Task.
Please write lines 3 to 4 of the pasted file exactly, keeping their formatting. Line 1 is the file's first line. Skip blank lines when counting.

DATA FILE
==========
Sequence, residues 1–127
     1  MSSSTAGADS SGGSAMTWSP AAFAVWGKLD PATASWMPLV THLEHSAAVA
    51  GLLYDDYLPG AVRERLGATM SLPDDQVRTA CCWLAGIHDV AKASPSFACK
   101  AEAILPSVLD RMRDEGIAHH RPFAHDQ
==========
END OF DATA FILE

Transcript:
    51  GLLYDDYLPG AVRERLGATM SLPDDQVRTA CCWLAGIHDV AKASPSFACK
   101  AEAILPSVLD RMRDEGIAHH RPFAHDQ